Small Preliminary Study Examines Blood Stem Cell Transplant to Delay MS Progression


 

EMBARGOED FOR RELEASE: 11 A.M. (ET), TUESDAY, JANUARY 15, 2019

Media advisory: To contact corresponding author Richard K. Burt, M.D., email Marla Paul at marla-paul@northwestern.edu. The full study is available on the For The Media website.

Want to embed a link to this study in your story? Link will be live at the embargo time: http://jamanetwork.com/journals/jama/fullarticle/10.1001/jama.2018.18743

 

Bottom Line: In a randomized clinical trial, researchers compared the effect of a stem cell transplant using a non-myeloablative regimen (a lower-dose, short course of more tolerable immune specific chemotherapy and antibodies to suppress the immune system) versus continuing disease-modifying therapy in 110 patients with relapsing-remitting multiple sclerosis. The primary outcome was disease progression and other outcomes included neurologic disability, quality of life, time to relapse and no evidence of disease activity. The stem cell transplant was better than continued drug therapy for patients with frequent relapses and moderate disability. Further studies are needed to replicate the findings of this preliminary study.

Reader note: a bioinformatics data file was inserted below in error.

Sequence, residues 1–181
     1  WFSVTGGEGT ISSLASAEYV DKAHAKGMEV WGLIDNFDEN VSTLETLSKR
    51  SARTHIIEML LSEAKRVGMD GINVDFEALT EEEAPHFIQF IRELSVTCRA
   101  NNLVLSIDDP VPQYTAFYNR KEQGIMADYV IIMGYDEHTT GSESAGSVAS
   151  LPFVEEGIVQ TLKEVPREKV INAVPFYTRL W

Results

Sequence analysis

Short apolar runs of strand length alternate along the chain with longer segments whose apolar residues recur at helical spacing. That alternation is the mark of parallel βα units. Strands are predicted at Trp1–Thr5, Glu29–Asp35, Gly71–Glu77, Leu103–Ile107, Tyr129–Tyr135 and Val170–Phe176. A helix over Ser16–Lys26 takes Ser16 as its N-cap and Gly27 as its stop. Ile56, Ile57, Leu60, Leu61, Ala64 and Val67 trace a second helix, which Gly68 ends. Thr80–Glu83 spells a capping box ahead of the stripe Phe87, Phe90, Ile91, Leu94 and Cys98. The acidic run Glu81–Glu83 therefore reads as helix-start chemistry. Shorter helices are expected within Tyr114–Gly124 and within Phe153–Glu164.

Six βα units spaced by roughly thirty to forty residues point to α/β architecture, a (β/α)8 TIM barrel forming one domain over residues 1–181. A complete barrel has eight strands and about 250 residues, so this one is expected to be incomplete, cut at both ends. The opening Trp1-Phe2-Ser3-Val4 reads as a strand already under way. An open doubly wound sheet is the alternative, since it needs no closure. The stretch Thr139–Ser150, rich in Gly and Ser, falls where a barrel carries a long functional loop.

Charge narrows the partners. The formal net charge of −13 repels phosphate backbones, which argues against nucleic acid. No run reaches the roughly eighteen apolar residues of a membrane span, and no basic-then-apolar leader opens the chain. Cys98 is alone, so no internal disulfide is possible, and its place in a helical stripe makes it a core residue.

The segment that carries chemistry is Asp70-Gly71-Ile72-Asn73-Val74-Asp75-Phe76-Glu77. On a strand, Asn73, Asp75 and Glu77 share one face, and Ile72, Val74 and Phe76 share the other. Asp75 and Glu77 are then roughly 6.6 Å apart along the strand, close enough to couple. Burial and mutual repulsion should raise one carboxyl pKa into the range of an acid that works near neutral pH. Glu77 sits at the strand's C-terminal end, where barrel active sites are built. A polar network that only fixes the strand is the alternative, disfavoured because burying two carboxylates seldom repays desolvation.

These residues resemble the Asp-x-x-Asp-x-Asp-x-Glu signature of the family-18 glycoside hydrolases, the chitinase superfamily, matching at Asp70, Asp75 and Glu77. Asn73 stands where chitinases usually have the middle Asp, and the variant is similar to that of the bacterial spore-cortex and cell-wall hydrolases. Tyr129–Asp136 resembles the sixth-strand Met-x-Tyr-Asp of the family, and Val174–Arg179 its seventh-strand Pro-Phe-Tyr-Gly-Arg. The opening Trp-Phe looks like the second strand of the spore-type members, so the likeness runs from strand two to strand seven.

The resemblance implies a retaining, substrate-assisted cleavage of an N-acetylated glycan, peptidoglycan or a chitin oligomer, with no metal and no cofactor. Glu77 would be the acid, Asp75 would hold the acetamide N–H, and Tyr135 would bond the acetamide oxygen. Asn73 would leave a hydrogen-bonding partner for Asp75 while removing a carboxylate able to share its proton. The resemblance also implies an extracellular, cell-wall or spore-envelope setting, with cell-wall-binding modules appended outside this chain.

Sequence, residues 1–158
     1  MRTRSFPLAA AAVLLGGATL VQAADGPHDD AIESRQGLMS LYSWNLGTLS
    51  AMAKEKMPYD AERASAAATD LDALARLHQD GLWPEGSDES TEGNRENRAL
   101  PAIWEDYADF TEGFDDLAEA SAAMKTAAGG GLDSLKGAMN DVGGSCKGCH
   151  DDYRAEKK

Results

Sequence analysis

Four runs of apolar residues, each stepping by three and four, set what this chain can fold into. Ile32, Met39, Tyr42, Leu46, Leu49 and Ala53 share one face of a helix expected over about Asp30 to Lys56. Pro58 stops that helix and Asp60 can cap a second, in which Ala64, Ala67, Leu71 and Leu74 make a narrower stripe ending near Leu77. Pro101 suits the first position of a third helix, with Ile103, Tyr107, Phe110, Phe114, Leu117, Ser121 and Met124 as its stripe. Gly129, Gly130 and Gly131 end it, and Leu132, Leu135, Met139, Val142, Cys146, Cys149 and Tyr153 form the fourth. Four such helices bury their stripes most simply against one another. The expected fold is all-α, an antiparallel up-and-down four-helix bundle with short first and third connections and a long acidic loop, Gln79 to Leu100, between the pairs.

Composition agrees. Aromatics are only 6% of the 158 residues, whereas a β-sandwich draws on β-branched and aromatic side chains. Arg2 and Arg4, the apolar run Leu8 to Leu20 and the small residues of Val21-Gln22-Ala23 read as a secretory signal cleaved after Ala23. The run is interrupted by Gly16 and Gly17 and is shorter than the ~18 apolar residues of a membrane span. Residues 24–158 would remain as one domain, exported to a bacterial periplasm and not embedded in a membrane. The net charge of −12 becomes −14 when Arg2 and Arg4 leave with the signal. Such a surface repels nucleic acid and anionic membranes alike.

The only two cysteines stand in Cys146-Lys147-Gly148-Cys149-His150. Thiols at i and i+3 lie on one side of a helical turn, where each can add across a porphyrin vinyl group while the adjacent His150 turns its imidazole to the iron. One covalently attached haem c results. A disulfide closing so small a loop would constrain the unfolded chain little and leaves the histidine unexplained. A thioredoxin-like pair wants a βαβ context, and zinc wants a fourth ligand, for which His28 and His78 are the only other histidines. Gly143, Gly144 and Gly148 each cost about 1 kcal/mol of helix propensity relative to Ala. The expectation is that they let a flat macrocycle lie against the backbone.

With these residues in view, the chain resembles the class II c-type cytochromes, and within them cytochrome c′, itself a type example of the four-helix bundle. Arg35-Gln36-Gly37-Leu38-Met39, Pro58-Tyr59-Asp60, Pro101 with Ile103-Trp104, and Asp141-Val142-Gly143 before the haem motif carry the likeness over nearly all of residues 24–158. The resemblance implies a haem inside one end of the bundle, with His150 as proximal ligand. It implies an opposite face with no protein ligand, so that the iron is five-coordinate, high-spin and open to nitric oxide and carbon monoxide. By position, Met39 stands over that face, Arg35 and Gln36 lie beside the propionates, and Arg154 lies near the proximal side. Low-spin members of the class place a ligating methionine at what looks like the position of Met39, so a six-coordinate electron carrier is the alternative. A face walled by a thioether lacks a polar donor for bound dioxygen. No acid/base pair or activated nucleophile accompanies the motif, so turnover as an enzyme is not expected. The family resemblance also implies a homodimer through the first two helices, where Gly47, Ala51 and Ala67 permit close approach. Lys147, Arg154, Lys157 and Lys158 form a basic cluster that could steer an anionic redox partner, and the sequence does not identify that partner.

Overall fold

Authors: Richard K. Burt, M.D., Northwestern University Feinberg School of Medicine, Chicago, and coauthors.

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